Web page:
We’ve probably all heard that one in our time – and it’s true: a church is about the people who make it up, from the congregation to the Apostolic leader. But there’s something about this particular church building that made it unique, and an integral part of the community it serves. Or served.

Take a look now.

Bit by bit, the building, one of the oldest in Vancouver — built just after the Great Fire of 1886 — is coming down.

Now, I’ve written in the past that Gospel Mission’s history is one of God placing it where it’s supposed to be, before it’s needed there. More about that later. But I’d just like to pause and reflect on this particular building — 325-327-331 Carrall Street.

For three-quarters of a century — the exact year is kinda lost in the mists of time and quixotic record-keeping — people knew that this was the place to come for a meal and to hear the Word of God. It was here that “Bobby” wandered one day, on the verge of following through on his suicidal thoughts, and Barry managed to talk him out of it and, thanks to Jesus Christ and the Holy Spirit, gave him new hope to carry on.

It was that building, where Shelly knew she could bring a chap who’d injured himself in a fall, and someone could call 9-1-1 at that early hour of the morning.

It was there, that Axel, the aging street thug, came when the case of “street foot” became unbearable, and we were able to wash his feet and dress the wound as best we could and find him a fresh pair of socks.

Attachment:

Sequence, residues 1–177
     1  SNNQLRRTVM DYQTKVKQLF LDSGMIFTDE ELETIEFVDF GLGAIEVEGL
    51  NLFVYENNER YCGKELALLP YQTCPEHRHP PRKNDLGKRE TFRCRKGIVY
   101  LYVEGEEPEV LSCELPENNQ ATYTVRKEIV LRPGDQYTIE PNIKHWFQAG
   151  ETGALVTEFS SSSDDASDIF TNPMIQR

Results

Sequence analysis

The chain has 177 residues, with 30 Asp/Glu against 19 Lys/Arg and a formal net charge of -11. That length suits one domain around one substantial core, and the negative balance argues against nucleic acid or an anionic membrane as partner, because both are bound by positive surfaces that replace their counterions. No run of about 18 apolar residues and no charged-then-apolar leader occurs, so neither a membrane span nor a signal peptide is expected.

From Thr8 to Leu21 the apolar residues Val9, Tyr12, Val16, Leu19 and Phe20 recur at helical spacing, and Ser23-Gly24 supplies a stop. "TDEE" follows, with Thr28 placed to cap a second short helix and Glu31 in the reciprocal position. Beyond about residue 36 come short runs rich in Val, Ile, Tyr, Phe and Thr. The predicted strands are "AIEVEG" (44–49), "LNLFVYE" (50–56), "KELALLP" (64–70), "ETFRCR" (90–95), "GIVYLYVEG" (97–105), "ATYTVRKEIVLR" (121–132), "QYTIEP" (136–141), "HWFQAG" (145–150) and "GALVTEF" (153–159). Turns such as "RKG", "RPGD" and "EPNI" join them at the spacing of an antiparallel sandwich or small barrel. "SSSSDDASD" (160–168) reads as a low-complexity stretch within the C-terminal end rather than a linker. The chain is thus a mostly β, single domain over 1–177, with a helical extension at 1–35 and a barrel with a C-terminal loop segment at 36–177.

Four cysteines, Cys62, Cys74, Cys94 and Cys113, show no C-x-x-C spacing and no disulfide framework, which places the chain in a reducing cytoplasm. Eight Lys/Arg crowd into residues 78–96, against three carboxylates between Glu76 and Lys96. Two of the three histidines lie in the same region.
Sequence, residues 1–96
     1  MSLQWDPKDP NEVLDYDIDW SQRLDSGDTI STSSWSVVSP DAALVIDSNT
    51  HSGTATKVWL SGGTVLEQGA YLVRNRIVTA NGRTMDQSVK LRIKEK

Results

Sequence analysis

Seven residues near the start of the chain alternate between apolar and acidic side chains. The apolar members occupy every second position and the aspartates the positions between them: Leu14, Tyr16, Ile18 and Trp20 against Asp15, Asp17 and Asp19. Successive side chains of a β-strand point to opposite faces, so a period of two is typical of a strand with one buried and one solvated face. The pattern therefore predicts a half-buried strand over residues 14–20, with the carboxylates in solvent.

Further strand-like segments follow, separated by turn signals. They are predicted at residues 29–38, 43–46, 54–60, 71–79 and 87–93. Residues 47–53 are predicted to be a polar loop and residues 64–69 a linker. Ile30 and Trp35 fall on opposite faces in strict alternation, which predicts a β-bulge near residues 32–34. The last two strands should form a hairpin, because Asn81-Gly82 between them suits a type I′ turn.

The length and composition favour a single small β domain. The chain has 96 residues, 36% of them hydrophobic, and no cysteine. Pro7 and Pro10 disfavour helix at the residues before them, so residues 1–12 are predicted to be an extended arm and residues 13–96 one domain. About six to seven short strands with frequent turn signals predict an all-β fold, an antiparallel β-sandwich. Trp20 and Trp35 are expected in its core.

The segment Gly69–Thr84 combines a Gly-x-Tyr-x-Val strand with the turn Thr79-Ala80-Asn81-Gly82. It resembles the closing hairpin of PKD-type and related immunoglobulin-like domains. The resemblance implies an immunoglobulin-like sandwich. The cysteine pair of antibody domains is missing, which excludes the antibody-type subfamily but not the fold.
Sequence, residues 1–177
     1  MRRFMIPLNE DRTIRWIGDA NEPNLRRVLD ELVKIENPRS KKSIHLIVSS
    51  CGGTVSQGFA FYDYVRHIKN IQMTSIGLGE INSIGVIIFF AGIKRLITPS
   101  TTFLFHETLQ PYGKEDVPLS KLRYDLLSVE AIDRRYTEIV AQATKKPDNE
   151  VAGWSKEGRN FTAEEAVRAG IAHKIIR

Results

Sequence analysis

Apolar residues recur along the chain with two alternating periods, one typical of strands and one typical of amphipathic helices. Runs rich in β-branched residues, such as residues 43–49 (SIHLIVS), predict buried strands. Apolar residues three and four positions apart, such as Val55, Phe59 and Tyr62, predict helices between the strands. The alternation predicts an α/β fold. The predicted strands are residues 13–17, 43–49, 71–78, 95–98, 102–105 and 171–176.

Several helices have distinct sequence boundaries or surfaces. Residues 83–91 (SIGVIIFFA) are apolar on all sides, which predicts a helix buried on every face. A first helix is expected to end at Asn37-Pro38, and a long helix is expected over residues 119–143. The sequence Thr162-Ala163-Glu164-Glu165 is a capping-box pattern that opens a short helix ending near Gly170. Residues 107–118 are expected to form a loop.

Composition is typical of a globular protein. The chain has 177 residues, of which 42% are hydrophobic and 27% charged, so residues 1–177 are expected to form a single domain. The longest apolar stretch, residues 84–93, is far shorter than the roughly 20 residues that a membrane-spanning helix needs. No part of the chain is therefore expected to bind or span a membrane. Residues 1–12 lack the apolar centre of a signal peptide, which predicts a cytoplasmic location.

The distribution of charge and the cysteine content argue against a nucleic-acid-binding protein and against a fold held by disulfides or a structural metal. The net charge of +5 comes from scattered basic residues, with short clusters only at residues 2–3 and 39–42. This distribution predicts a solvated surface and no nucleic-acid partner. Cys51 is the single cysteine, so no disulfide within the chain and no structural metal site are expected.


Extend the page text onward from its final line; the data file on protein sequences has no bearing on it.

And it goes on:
It was there that Frank, another addict, came to find support to walk up the street to InSite and try to get into the recovery program.

It was there that people could wash up and start their day in a better frame of mind.

Of course, it was in that building that Barry Babcook spent the better part of twenty years of his life, literally holding the place together with ad-hoc handyman work, while serving the Lord by serving others.

Other buildings were literally crumbling around it, but it was evident that God intended for 325-327-331 Carrall Street to stay up — at least, for that time.

Truly, over the decades, that building had become more than a pile of bricks.*

Now, the Mission itself has moved. It has new quarters — at least, temporarily — at The Door is Open, a facility run by the Catholic church. It’s right across the street from Oppenheimer Park, which is the latest “ground zero” for homelessness. A tent city has been in place there for several months now, which means there are fields “ripe for the harvest”.

Once again, the Mission has been placed “ahead of the curve”.

God still has a plan for the Mission: please consider being part of that plan with your tithes and offerings — and time.

So, while I still get misty-eyed about the old pile, at the end of the day, it’s not about the building.

*You can read more about it in my book, God at Work: a Testimony of Prophecy, People and Provision amid Poverty. Just click on the link to order direct from Smashwords.

Too important for humans

The International Panel on Climate Change has released yet another report, proclaiming environmental doom if big changes are not made in the way we live. This past Friday, in my city and around the world, people took to the streets to demand those changes and castigate governments of all stripes for not “doing more” to combat climate change.

There is an underlying implication that nothing is being done to combat climate change, but that is ‘way off-side. For the past half-century, people, organizations, private corporations and yes, even governments have taken action to save humanity from itself. Look at the neighborhood recycling programs, the lobbying for tighter pollution and emission regulations, the cleanup crews hauling trash off shorelines and out of waterways.